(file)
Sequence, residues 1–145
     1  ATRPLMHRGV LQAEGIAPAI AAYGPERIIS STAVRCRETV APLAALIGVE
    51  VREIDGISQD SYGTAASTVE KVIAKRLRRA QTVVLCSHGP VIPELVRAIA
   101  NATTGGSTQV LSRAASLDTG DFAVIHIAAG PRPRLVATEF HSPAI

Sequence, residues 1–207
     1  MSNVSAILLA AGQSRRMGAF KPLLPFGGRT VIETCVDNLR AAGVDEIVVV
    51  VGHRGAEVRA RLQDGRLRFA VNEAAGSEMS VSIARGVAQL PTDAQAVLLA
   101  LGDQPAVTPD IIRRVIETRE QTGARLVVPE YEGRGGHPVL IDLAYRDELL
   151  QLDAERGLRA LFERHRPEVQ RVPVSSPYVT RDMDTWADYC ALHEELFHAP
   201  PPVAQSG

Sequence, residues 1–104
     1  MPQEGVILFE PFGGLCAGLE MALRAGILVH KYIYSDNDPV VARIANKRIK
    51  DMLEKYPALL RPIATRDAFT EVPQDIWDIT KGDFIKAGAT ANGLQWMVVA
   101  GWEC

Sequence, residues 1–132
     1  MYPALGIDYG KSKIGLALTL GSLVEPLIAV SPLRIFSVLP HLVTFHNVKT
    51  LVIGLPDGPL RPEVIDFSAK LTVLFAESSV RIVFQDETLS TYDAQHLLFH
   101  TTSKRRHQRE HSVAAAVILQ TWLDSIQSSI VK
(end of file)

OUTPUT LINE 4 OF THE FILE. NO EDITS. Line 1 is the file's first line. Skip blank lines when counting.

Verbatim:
   101  NATTGGSTQV LSRAASLDTG DFAVIHIAAG PRPRLVATEF HSPAI